As we’ve been considering the idea of a big move and as word has slowly gotten round, I’ve had a few responses of why? Why would you go there, when people here need Jesus? Don’t you have a heart for your own city and your own neighbors? It’s hurt my heart to hear this response, but I also fully understand it. I understand the reaction. I get it. But I also get this . . .
I teach a class called “Missions: God’s Heartbeat” at our Bible school. I LOVE teaching it. I love when the students get a revelation of going out. I love when the Great Commission gets firmly implanted into their hearts. It fires me up like nothing else on this planet. It tells me that I’m stirring something up, and it stirs me up!!
God’s heart is for every single person to get a revelation of Who HE truly is. And sure, He can and does work in people’s hearts. He gives dreams, He speaks through nature, He speaks through circumstance, but His main method is to use us to speak to others. And it’s not really speaking so much as loving. Being a presence in the lives of others that is faithful to just give and freely love. My husband is a natural evangelist simply because he doesn’t ever meet a stranger. Lately, at his office, he’s been a magnet that draws in those who are hungry for more. He’s readily available to answer questions about God, to deal with the issues that his co-workers have with God, and to just kindly speaking through his actions and his voice. He is sensitive to both the Holy Spirit and to those asking the questions. He’s able to respond to the heart behind the questions, and this type of witness that he has is what is so needed. We need people like him everywhere.
As Americans, we’ve been spoiled in that it’s easy to meet a Christian. It’s quite simple to find a church. Most of of us grew up with some kind of Christian influence (granted, with the younger generation this is not so true). Those of us living in the States have Christian radio, Christian bookshops, Christian campus ministries, and every kind of Christian outreach program that one could thing of available to us. However, this is not at all true outside of the U.S.; it obviously varies among countries. For example, one could live in South Korea where the Christian influence is quite large, and yet just across the border into North Korea, people are killed for even mentioning Christ. That covers the two extremes quite well, and on average (maybe) for first and second world nations, the spiritual climate falls somewhere in the middle of the two extremes. From our experience, as Mark is British and we’ve both lived in Britain, we know that the U.K. has great churches available. But the average person is not familiar with the things of God; they don’t know that He is truly alive and real. Each country in Europe varies, but the amount of Christians living there is much, much smaller than here. (Check out this link if you’d like more detail and note that only 2.5% of Europe’s population is made up of Evangelical (born again) Christians.)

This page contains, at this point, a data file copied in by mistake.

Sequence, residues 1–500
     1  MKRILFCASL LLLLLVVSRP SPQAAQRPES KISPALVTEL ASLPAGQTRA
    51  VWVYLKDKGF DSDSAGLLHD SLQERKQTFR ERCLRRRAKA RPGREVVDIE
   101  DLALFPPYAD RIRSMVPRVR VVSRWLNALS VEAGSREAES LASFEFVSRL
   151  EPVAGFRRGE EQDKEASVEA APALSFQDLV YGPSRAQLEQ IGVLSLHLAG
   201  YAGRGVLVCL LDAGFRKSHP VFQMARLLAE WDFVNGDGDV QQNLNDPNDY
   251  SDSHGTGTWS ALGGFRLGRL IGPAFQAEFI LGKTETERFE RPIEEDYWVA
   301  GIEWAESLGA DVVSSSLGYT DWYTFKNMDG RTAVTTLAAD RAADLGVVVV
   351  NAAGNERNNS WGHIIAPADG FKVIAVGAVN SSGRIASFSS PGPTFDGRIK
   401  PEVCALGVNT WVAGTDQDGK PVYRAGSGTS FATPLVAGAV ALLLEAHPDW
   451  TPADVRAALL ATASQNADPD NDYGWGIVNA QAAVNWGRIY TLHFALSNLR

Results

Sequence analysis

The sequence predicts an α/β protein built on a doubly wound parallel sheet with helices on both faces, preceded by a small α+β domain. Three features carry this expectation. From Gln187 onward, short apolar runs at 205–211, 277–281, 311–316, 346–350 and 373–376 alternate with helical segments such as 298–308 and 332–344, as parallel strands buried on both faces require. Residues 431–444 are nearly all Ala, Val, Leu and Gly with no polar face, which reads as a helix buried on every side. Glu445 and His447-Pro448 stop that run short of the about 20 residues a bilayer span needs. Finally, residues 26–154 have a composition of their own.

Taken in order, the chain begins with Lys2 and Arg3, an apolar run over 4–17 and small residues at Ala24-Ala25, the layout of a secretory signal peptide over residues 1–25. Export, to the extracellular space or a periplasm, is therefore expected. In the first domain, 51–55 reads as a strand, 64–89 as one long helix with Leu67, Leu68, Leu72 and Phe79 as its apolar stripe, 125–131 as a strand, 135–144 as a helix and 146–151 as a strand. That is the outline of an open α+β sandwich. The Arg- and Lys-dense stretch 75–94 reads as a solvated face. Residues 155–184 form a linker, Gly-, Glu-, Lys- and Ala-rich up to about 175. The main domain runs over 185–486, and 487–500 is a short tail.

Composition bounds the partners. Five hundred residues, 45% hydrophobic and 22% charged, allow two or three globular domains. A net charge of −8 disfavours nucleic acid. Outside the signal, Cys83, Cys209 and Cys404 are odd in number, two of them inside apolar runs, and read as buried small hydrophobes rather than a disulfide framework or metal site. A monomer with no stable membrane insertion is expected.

So I’m saying all of that to say that my heart has always been for those who don’t have Christian resources readily available. According the the U.S. Center for World Mission, American Christians spend 95% of offerings on home-based ministry, 4.5% on cross-cultural efforts in already reached people groups, and .5% to reach the unreached. Um, hello?! As the wealthiest nation with the largest population of Christians, why are we not sowing our money into those who have less? Why is the American church stagnant and sputtering and shrinking . . . ?! Clue number one – if we would give more to those outside of us, we would reap more. (And please don’t argue with me on this unless you have researched this as much as I have; if you have, then I would love to hear your thoughts.)
And I’m totally getting off on a bunny trail . . .
Sometime between the ages of 5 and 12, I realized that my heart was one for going out to tell others about Jesus. I knew that in the depths of my being I wanted to be a missionary. I wanted to go to those who didn’t have what I had; I wanted to go to those who were lost. I wanted to reach those who weren’t reached. From my early days, my heart has never been to stay home. I know there are so many who would rather stay; they don’t have any inclination to leave the state or even the city where they were born. That’s just them, and that’s between them and the Lord. But for me, I am going. I want to go to wherever there is a need; wherever the resources are lacking is where I want to be. And I’ve never understood why we in the church would discourage that. If I can go and be a Christian presence living in a very in need of God society, where there aren’t many other Christians, then please let me go. If you have a heart for the U.S., then please stay here and be an active, full of the love of God presence in your community. Make a difference; be someone who draws people to Christ. Love your heart reach out to others. But as for me, my heart wants to go love on the lost in Europe. I want to see Europe brought of darkness and into light. I want it to experience a great spiritual Awakening; it has in the past. So it can again.
I have lots more to say, but I’m thinking that it would be better to just end this here. I’d rather say less than too much, and I’ve probably already said too much. I hope my words are accurately communicating my heart. We can easily be guilty of intellectualizing everything, including missions, and also be guilty of discouraging things that are quite basic commands in the Bible. To me, the Scripture that says, “Therefore go and make disciples of all nations, baptizing them in the name of the Father and of the Son and of the Holy Spirit,and teaching them to obey everything I have commanded you.” is still applicable. It’s just a matter of us being obedient. Don’t complicate things; just keep it simple.